The primary aim of Studying Crime in Fiction: An Introduction is to introduce the emerging cross-disciplinary area of study that combines the fields of crime fiction studies and criminology. The study of crime fiction as a genre has a long history within literary studies, and is becoming increasingly prominent in twenty-first-century scholarship. Less attention, however, has been paid to the ways in which elements of criminology, or the systematic study of crime and criminal behaviour from a wide range of perspectives, have influenced the production and reception of crime narratives. Similarly, not enough attention has been paid to the ways in which crime fiction as a genre can inform and enliven the study of criminology. Written largely for undergraduate and graduate students, but also for scholars of crime fiction and criminology interested in thinking across disciplinary boundaries, Studying Crime in Fiction: An Introduction provides full coverage of the backgrounds of the related fields of crime fiction studies and criminology, and explores the many ways they are reciprocally illuminating.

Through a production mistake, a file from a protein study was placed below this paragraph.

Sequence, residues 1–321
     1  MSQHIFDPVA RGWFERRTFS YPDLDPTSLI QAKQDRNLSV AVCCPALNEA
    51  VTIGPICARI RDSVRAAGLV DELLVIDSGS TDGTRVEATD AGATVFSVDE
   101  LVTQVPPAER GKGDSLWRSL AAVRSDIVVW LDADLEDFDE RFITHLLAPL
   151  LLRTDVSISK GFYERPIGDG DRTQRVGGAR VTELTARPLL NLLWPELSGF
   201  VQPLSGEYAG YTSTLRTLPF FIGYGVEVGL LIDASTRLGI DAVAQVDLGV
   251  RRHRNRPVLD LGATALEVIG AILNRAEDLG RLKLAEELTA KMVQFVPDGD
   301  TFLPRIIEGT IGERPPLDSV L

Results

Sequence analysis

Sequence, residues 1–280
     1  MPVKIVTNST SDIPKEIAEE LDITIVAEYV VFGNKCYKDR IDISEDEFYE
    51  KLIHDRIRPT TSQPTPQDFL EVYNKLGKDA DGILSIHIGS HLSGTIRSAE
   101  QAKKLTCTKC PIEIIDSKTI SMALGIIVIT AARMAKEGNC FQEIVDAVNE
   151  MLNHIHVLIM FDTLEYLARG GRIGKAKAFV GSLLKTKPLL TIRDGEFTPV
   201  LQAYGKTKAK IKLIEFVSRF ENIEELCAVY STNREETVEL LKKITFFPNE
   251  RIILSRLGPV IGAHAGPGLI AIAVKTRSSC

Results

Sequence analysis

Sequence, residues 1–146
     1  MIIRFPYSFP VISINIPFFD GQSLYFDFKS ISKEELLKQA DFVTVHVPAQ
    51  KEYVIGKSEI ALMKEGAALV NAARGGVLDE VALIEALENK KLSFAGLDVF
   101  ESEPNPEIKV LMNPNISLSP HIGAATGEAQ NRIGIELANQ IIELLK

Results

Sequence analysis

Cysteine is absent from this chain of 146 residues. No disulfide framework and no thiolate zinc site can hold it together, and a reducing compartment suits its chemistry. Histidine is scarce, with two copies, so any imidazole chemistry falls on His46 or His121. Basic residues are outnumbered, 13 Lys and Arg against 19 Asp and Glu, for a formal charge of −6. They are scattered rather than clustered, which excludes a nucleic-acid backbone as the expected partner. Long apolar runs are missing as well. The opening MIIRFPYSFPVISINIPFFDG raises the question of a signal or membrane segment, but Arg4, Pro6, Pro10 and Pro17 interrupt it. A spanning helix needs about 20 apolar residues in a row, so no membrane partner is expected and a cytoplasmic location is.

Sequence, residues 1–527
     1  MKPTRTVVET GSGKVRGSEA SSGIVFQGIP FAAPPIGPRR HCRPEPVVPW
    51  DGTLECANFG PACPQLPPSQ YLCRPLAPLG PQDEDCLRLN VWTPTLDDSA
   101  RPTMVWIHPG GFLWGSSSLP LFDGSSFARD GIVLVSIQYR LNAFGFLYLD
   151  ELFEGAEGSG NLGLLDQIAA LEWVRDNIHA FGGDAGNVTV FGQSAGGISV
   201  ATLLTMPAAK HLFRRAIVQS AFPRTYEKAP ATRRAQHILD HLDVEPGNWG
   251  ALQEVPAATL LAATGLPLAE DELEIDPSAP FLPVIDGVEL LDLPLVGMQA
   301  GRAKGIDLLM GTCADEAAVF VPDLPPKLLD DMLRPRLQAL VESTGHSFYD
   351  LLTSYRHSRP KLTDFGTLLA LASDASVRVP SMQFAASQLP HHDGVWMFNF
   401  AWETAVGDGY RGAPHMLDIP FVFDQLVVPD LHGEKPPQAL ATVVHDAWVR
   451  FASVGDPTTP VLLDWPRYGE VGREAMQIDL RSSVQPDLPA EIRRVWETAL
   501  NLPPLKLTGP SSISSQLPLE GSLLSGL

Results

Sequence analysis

The four main chapters in Section 1 (Orient You) familiarize readers with the history and contours of the broad fields within which Studying Crime in Fiction: An Introduction operates. It introduces the history of crime and criminology, as well the history of crime fiction and the academic field dedicated to its study. In its final chapter it looks at the ways these areas of study can be conceptually interrelated. Section 2 of the book (Equip You) is dedicated to examining aspects of criminological theory in relation to various forms of crime fiction. It highlights a range of the most relevant theories, paradigms, and problematics of criminology that appear in, shed light on, or can be effectively illuminated through reference to crime fiction. Its five chapters deal with the definition of crime; explanations for crime and criminal behaviour; investigations into crime; the experience of crime; and, finally, punishments for crime. All of these areas are examined alongside examples of crime fiction drawn from across the genre’s history. Section 3 (Enable You) presents six case studies. Each of these reads a work of crime fiction alongside one or more criminological approaches. Each case study is supplemented with a set of questions addressing issues central to the study of crime in fiction.
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